Economic Bullying at its Finest

[The UK’s chancellor] Kwasi Kwarteng will tighten benefit rules for part-time workers, requiring them to work longer hours or take steps to increase their earnings.

Just as the world wakes up to the bounty of a 4-day week, the UK government decides to crack down on part-time work by reducing the financial support available to low-income households.

I’ve said in my books and in New Escapologist that most people don’t work by consent but are “economically bullied” into it. I’ve sometimes wondered if that expression is too much, but here is a government who fully admits to this withdrawal of support being an attempt to “grow the labour supply.” Which is a nice way of saying “let’s starve them out.”

They want to trim our means to escape overwork so that they can “fill vacancies” and get back to growing the economy. Without getting into the weeds over whether this can even work or not, whether the current part-time workforce is fit or qualified to fill this apparent abundance of vacancies, it’s a clear example of the sort of economic bullying I’ve been talking about.

To deal with the “problem” posed by the Great Resignation, of people taking charge of their own destinies as best they can within the confines of The Trap, the government are removing a line of recourse. As of next week, people will only be able to work part-time on the government’s increasingly authoritarian terms. As if it weren’t hard enough already to stay alive in any way other than a full-time job.

There’s many reasons to work part-time and it would be nice if the leaders of one of the world’s richest countries would recognise this. Maybe your mental health cannot support the burden of full-time work. Maybe your physical health can’t either. Maybe you want to use your time to build your own business (inventing your own “vacancies” and “growing the economy” on your own terms). Not that there’s anything wrong with idleness, but we know that most part-time workers have something else going on.

The government’s attack on part-time workers is consistent with the current (and general) Conservative idea that the UK’s economic problems are the result of regular people not toiling hard enough. It has nothing to do with decades of Tory corruption or their costly mismanagement of the pandemic or their gradual destruction of public assets, naturally. And nothing to do with many working-class people already working multiple jobs to make ends meet.

It’s perfectly convenient for them to peddle the lie that we’re not working hard enough. They have little interest in improving the world (or even in “building back better” or “levelling up” or whatever they’re trying to fob us off with now) and plenty of interest in serving themselves and their friends in business. I honestly try to see the case for right-wing ideas, but what is the point of even having a civilisation if you’re not going to let it serve the majority? What is the point of sucking up all the money to serve the 1%? What is the use of shoving almost everyone into pointless consumer economy work that exacerbates the climate crisis? What’s the endgame?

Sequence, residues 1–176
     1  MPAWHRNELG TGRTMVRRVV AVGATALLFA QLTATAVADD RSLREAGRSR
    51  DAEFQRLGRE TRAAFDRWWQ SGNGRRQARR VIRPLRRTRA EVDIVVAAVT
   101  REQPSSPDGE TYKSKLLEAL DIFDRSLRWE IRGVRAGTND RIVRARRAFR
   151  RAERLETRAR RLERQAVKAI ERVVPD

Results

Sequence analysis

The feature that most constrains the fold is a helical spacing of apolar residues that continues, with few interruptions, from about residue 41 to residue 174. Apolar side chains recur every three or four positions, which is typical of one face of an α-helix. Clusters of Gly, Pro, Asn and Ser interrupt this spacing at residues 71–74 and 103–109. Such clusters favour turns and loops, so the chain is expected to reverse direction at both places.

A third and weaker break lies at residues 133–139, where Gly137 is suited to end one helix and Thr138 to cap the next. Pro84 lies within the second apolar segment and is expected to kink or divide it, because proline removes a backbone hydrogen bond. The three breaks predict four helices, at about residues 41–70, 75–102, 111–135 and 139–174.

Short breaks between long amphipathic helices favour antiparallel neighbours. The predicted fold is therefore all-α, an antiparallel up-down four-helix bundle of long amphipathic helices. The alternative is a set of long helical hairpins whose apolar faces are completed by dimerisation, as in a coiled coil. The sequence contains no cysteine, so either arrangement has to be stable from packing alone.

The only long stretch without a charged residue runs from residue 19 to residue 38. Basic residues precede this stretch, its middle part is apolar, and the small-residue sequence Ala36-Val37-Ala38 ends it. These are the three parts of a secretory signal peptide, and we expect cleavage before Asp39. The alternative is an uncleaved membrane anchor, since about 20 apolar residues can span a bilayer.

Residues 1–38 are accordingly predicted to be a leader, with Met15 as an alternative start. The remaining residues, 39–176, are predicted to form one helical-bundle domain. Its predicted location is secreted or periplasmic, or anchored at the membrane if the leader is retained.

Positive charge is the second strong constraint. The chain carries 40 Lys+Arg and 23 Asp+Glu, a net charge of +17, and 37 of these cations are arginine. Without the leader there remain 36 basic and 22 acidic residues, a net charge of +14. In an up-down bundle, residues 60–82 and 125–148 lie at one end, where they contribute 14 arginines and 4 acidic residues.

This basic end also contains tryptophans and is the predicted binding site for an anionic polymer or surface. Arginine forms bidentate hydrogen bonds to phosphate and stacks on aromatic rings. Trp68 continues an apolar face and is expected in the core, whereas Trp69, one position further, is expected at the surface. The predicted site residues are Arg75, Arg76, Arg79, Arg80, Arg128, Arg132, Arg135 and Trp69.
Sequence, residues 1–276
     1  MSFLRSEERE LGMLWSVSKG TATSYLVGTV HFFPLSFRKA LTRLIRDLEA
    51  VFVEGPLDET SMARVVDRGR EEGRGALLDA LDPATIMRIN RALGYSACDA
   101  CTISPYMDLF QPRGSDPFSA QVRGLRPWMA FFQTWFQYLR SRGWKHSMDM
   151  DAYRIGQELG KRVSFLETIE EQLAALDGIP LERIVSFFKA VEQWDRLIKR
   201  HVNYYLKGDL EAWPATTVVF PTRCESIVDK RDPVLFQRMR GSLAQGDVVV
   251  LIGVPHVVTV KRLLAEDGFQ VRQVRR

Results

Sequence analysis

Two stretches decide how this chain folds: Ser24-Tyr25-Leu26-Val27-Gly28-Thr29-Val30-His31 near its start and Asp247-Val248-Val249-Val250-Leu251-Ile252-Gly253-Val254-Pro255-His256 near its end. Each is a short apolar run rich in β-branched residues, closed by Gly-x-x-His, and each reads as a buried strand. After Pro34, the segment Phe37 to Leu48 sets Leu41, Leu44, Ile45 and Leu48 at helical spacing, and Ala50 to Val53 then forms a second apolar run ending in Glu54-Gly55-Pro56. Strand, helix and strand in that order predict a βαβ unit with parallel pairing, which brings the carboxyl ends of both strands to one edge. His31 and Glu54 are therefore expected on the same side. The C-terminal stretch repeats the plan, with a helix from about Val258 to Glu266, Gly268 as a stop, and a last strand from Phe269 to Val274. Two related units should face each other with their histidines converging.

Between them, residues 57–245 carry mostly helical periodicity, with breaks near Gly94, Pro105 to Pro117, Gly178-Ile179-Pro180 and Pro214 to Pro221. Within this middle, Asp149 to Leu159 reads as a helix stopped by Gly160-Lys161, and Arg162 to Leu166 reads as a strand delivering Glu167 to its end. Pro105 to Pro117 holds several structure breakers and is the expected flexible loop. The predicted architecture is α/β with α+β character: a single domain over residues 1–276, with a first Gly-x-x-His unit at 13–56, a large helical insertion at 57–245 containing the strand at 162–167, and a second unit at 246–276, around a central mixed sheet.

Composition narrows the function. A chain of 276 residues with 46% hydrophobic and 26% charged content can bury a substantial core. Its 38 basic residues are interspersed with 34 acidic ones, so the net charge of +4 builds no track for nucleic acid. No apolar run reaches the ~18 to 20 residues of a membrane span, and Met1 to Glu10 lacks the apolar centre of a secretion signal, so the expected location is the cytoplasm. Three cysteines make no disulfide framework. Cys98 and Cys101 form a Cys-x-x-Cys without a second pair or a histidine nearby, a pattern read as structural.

Blocking an important route to part-time work is at odds with the way the world is now alert to more humane modes of work, such as WFH and the 4-day week.

“Economic Bullying” is the correct term and this is economic bullying at its finest. And now that I’ve learned not to mince my words, let me say that if you live in the UK (or England really), I strongly advise you to vote these cunts out as soon as the opportunity arises.

The Good Life for Wage Slaves is available directly from happy-go-lucky, part-time publishers, P+H Books.

Major Success in 4-Day Week Campaign Trials

From the BBC:

Many UK firms taking part in a four-day working week trial have said they will keep it in place after the pilot ends.

More than 70 firms are taking part in the scheme where employees get 100% pay for 80% of their normal hours worked.

At the halfway point in a six-month trial, data shows that productivity has been maintained or improved at the majority of firms.

I suppose it’s possible that the firms who signed up to the trial were already predisposed to the benefits of a shorter work week. But this does feel positive, doesn’t it? That people might be waking up to the deleterious health effects of full-time jobs and the ridiculous demands they put on life. Maybe the taboo is broken at last? Maybe we can be honest about the cost of full-time work?

[The campaigners] said that employees had benefitted from lower commuting and childcare costs and claimed that a parent with two children would save £3,232.40 on average per year or roughly £269.36 per month.

Why has it taken so long, folks? Why? Why? Why? The sums could be done on the back of an envelope but instead we need to have practical trials and lightbulb moments in the year 2022. But, hey, we’re getting there. We’re getting there.

Tired of the everyday grind? There’s a shoulder to cry on in The Good Life for Wage Slaves.

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